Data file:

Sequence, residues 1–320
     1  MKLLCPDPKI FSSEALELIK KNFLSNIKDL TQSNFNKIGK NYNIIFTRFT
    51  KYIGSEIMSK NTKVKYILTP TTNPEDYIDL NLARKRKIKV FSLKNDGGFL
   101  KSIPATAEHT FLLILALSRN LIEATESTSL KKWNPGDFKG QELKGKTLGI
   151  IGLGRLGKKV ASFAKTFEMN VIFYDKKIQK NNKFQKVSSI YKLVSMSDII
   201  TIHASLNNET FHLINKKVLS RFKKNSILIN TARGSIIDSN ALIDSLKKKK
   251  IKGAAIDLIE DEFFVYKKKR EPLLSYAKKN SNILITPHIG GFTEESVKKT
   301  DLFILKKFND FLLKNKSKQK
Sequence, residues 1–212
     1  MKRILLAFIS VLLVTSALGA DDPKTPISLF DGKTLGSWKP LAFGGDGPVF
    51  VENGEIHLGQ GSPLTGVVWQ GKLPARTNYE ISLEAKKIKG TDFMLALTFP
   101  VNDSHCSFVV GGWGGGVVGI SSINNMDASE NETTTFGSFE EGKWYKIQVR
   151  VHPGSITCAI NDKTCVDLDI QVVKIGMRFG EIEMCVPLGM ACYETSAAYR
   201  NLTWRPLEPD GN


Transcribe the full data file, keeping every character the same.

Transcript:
Sequence, residues 1–320
     1  MKLLCPDPKI FSSEALELIK KNFLSNIKDL TQSNFNKIGK NYNIIFTRFT
    51  KYIGSEIMSK NTKVKYILTP TTNPEDYIDL NLARKRKIKV FSLKNDGGFL
   101  KSIPATAEHT FLLILALSRN LIEATESTSL KKWNPGDFKG QELKGKTLGI
   151  IGLGRLGKKV ASFAKTFEMN VIFYDKKIQK NNKFQKVSSI YKLVSMSDII
   201  TIHASLNNET FHLINKKVLS RFKKNSILIN TARGSIIDSN ALIDSLKKKK
   251  IKGAAIDLIE DEFFVYKKKR EPLLSYAKKN SNILITPHIG GFTEESVKKT
   301  DLFILKKFND FLLKNKSKQK
Sequence, residues 1–212
     1  MKRILLAFIS VLLVTSALGA DDPKTPISLF DGKTLGSWKP LAFGGDGPVF
    51  VENGEIHLGQ GSPLTGVVWQ GKLPARTNYE ISLEAKKIKG TDFMLALTFP
   101  VNDSHCSFVV GGWGGGVVGI SSINNMDASE NETTTFGSFE EGKWYKIQVR
   151  VHPGSITCAI NDKTCVDLDI QVVKIGMRFG EIEMCVPLGM ACYETSAAYR
   201  NLTWRPLEPD GN